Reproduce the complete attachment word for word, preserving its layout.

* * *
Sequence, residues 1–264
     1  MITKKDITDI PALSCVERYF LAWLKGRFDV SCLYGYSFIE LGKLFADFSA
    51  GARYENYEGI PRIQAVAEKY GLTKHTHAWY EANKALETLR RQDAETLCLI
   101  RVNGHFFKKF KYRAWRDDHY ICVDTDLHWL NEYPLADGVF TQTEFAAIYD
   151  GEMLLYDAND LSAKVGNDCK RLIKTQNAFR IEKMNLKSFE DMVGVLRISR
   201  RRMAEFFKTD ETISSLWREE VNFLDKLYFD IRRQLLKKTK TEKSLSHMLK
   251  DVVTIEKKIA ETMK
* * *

Sequence, residues 1–264
     1  MITKKDITDI PALSCVERYF LAWLKGRFDV SCLYGYSFIE LGKLFADFSA
    51  GARYENYEGI PRIQAVAEKY GLTKHTHAWY EANKALETLR RQDAETLCLI
   101  RVNGHFFKKF KYRAWRDDHY ICVDTDLHWL NEYPLADGVF TQTEFAAIYD
   151  GEMLLYDAND LSAKVGNDCK RLIKTQNAFR IEKMNLKSFE DMVGVLRISR
   201  RRMAEFFKTD ETISSLWREE VNFLDKLYFD IRRQLLKKTK TEKSLSHMLK
   251  DVVTIEKKIA ETMK